Sclerotinia Dollar Spot [fact sheet]

Cobbwebby mycelium of Sclerotina Dollar Spot

Sclerotinia dollar spot is a fungal disease that affects most of the coolseason grasses such as bluegrass, ryegrass, fescue and bentgrass.

The overall symptom pattern for Sclerotinia dollar spot varies with mowing practices. Under close mowing (as on golf greens) the disease progresses from very small spots of dead turf to distinctly circular, straw-colored areas 2-3” in diameter, with a sharp margin outlined against the surrounding healthy grass. Patches may coalesce into larger irregular patches.

On higher mown turf typical of residential lawns, irregularly shaped, straw colored areas 1-6” diameter appear. Under ideal conditions, the patches may coalesce to cover large areas. When large areas are affected, the symptoms are often mistaken for drought injury.

Affected individual grass leaves first show yellow-green blotches that become water-soaked and finally bleach to a straw-color with reddish-brown margins. Lesions usually extend across the entire leaf, often have an hour-glass-shape, and dieback of the leaf from the tip to the lesion is common. When dew is present on the leaves, a cobwebby white, fungal growth may appear on infected leaves.

Sclerotina dollar spot lesion
Dollar spot lesion on Kentucky bluegrass. Credit: R. W. Smiley;
Reproduced, by permission, from Smiley, R. W., Dernoeden, P. H., and
Clarke, B. B. 2005. Compendium of Turfgrass Diseases, 3rd ed. American
Phytopathological Society, St. Paul, MN.

Disease Cycle

Sclerotinia homeocarpa, the causal fungus, overwinters in the crowns and roots of infected grass plants as mycelium (fungal threads) or thick-walled crusts of fungus termed stroma. The fungus is active from late spring through late autumn or early winter. When the temperature reaches 60°F, the fungus begins growing, reaching a peak of activity during humid weather with temperatures from 70°F to 86°F. The pathogen spreads to new areas primarily by transport of infected plant material with mowers, traveling irrigators, water, and other maintenance equipment. Grass growing under low soil moisture conditions is more susceptible than when adequate soil moisture is provided. Hence, severe outbreaks of the disease can and do occur during seasons of low rainfall. Dollar spot is less of a problem on turf growing in soil with adequate nitrogen fertility. Soil pH does not influence disease development.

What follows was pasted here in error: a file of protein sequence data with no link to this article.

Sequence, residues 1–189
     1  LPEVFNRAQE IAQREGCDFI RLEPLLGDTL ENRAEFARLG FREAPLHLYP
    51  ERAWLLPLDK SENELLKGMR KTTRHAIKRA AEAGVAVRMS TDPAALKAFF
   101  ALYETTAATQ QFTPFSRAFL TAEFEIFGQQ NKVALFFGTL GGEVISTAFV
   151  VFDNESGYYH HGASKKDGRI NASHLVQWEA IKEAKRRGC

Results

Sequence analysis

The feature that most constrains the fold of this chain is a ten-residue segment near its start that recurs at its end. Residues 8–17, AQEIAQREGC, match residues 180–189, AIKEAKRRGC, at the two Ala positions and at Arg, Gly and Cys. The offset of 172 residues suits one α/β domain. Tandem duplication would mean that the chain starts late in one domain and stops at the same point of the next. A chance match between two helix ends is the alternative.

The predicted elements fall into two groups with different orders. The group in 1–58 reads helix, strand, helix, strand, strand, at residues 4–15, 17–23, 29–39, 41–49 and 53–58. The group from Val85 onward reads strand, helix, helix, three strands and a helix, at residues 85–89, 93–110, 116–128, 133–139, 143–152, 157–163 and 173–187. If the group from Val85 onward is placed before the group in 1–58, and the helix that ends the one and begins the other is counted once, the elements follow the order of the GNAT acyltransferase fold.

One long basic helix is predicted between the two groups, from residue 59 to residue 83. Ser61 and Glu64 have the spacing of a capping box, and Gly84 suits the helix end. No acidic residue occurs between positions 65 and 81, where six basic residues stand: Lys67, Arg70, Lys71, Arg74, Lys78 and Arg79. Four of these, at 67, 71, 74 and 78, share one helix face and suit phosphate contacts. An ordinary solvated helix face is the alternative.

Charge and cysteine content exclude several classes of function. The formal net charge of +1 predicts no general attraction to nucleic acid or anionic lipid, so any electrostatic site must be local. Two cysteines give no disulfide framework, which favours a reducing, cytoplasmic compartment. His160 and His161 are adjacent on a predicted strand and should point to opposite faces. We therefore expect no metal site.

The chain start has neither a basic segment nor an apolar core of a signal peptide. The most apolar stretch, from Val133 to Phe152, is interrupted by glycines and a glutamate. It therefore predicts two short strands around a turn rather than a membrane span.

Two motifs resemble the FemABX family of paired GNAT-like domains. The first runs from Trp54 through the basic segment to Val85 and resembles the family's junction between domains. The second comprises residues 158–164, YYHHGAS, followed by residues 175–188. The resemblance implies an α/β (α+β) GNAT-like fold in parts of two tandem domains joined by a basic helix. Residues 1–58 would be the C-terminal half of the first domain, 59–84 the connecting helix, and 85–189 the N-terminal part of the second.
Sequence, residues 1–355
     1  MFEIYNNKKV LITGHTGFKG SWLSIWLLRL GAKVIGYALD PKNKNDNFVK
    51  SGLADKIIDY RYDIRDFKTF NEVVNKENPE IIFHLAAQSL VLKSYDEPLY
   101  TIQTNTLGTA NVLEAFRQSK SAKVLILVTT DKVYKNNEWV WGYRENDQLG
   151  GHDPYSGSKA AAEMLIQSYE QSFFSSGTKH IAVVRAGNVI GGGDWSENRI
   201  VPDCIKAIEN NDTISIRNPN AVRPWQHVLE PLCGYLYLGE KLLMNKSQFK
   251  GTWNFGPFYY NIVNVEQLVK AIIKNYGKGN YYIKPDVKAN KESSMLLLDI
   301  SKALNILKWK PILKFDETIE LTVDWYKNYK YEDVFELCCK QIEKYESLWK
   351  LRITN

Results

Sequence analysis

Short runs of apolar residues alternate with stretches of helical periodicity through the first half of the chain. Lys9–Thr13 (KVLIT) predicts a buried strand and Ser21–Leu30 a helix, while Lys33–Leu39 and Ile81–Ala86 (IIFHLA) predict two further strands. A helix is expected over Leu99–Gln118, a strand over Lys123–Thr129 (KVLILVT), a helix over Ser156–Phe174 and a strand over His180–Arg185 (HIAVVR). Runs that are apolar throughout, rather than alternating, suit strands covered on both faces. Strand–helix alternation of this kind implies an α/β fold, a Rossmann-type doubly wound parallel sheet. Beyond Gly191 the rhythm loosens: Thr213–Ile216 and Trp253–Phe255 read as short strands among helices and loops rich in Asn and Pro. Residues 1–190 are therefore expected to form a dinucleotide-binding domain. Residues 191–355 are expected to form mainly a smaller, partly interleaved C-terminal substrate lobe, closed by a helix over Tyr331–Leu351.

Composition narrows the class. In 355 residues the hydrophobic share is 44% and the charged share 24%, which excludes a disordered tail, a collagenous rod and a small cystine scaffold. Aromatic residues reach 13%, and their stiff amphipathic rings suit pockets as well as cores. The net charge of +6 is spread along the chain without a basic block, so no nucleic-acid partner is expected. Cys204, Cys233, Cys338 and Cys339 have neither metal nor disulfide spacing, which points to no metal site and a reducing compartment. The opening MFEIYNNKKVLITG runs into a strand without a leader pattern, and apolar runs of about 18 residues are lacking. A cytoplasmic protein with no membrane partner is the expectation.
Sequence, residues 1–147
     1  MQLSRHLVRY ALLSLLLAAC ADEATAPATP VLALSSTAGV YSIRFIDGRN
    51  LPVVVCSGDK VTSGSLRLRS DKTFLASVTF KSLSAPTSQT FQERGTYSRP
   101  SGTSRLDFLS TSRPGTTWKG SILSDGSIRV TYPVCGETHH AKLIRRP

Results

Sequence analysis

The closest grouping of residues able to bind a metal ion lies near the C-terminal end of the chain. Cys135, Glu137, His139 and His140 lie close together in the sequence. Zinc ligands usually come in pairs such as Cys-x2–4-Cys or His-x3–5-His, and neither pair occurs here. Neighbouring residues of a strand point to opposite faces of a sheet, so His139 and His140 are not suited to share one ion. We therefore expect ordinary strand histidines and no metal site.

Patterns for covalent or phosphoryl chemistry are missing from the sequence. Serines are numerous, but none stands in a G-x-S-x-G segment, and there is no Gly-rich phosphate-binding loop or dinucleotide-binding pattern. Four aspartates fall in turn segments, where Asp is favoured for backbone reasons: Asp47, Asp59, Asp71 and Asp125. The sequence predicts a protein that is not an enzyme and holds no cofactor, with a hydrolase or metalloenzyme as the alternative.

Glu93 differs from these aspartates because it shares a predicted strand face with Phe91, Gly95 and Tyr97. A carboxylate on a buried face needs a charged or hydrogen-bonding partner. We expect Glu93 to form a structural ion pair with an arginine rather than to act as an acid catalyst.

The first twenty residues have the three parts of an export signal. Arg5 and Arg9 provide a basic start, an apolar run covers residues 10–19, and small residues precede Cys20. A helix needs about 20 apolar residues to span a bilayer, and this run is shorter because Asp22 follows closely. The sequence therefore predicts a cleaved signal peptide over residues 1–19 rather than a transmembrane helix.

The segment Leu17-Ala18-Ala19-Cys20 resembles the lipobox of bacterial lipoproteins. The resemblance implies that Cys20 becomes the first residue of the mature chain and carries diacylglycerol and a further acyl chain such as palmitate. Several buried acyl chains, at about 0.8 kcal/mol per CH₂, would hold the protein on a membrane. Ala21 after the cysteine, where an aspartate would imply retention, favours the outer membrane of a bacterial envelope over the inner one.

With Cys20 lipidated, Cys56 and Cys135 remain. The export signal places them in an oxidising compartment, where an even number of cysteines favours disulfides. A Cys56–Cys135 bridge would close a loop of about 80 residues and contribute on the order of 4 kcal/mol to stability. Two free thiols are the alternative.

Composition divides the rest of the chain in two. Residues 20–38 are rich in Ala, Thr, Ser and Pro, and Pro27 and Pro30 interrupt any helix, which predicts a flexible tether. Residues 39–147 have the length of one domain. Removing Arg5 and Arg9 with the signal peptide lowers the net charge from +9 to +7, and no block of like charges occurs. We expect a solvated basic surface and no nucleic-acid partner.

Management

IPM Strategies:

  • Cultural Practices - Maintain adequate to high nitrogen fertility: light and frequent nitrogen applications are recommended for disease management and maintenance of turfgrass growth. Water deeply and as infrequently as possible without causing moisture stress. Avoid irrigating in the late afternoon or evening as this prolongs overnight periods of leaf wetness and favors infection. Thatch should be maintained at no more than ½”. Do not mow wet grass. Provide good air circulation. Seed with resistant varieties.
  • Chemical Control - Fungicide applications are made from June to September. Systemic fungicides provide good residual control. It is important to rotate classes of systemic fungicides. Optimum control using protectants is achieved when fungicide applications are made at frequent intervals during periods of disease outbreak.
  • Biological Control - Biological control products are also registered for management of dollar spot. Consult your county Extension Educator or state Specialist for specific pesticide recommendations.

Summary Chart

Stop! Read the label on every pesticide container each time before using the material. Pesticides must be applied only as directed on the label to be in compliance with the law. Contact the Division of Pesticide Control at (603) 271-3550 to check registration status. Dispose of empty containers safely, according to New Hampshire regulations.

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